Chairman Neal Calls on Secretary Azar to Ensure Vulnerable Populations Have Access to COVID-19 Vaccines

Oct 8, 2020
Press Release

WASHINGTON, DC—Today, House Ways and Means Committee Chairman Richard E. Neal (D-MA) urged the Trump Administration to develop an inclusive, comprehensive strategy for distributing COVID-19 vaccinations to all Americans. In a letter to U.S. Department of Health and Human Services (HHS) Secretary Alex Azar, Neal raised his concerns that the over 61 million American adults with disabilities and more than 25 million individuals with limited English proficiency (LEP) could be excluded from the HHS’s plans to distribute a vaccine.

“In particular, I am concerned that the Centers for Disease Control and Prevention’s (CDC) recently released strategic overview, From the Factory to the Frontlines: The Operation Warp Speed Strategy for Distributing a COVID-19 Vaccine, offered no details about how vaccine allocation and distribution processes will guarantee access to the vaccine for vulnerable communities. The National Academy of Science, Engineering, and Medicine’s (NASEM) recently released consensus study report for equitable vaccine allocation convened from a CDC and National Institutes of Health (NIH) request offers specific guidance that I believe should be incorporated into the federal vaccination response,” Chairman Neal explained. “Accordingly, I am seeking detailed information from the U.S. Department of Health and Human Services regarding its efforts to ensure that a COVID-19 vaccine strategy is fully inclusive of people with disabilities, people with LEP, and other Americans who face barriers to care or are at high risk of infection or severe illness due to COVID-19.”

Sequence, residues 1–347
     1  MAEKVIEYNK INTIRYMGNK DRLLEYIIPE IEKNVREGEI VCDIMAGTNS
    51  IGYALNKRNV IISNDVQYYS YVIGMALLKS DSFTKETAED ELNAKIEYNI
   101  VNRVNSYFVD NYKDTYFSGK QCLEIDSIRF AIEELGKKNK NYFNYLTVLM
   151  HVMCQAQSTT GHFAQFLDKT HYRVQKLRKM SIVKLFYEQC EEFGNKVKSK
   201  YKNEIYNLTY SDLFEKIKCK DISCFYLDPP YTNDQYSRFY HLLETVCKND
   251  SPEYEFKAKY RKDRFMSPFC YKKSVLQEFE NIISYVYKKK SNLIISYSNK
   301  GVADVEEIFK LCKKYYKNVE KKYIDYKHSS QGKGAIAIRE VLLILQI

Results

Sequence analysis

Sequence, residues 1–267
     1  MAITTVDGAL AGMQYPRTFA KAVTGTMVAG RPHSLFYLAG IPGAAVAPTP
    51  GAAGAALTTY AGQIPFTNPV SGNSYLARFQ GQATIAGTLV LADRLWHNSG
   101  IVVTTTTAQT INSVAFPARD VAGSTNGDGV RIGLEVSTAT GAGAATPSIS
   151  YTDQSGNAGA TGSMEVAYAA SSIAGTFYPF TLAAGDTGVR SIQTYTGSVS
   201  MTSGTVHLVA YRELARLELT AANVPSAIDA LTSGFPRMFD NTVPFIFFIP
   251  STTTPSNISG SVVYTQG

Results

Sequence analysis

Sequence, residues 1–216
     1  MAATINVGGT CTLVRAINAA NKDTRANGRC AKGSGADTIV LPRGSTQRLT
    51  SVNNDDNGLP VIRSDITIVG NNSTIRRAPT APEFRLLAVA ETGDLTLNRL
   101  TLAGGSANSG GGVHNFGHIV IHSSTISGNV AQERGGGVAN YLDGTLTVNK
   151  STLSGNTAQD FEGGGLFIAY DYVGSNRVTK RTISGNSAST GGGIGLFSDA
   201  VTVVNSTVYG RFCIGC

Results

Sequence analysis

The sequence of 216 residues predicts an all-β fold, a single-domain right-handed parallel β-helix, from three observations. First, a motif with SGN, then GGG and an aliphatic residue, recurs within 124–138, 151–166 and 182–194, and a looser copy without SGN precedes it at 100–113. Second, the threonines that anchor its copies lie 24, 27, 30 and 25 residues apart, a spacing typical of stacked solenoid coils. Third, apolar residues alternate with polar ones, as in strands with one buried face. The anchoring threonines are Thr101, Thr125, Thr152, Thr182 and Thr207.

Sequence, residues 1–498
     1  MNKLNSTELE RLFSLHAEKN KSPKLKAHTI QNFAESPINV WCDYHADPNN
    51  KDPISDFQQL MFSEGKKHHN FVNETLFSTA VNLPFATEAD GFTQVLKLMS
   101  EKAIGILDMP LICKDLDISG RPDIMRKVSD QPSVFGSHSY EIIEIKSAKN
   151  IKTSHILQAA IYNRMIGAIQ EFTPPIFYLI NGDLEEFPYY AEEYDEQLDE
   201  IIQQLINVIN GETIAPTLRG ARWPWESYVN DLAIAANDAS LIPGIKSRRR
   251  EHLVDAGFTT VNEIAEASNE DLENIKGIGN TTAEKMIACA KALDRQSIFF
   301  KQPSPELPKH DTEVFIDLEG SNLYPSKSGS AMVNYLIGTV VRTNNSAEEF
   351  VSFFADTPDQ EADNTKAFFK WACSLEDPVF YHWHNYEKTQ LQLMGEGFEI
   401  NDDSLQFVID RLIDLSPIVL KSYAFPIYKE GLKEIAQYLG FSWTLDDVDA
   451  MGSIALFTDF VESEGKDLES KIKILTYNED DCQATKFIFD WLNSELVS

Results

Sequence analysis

“Without strong federal leadership and transparency, the impacts of inaction will be disproportionately felt by the most vulnerable members of our communities – who instead should have the full support of federal, state, and local governments in this time of crisis,” concluded Neal. “HHS’s recent announcement of $200 million in funding from the CDC to jurisdictions for COVID-19 preparedness is a start but is woefully inadequate. Without a federal plan for equitable vaccine access, ensuring public trust, and mobilizing federal resources for individuals who are in high-risk groups, we could further overwhelm local and state jurisdictions and leave marginalized communities behind.”

Neal requested HHS respond to a series of questions and brief congressional staff by October 23, 2020.

Read Chairman Neal’s entire letter HERE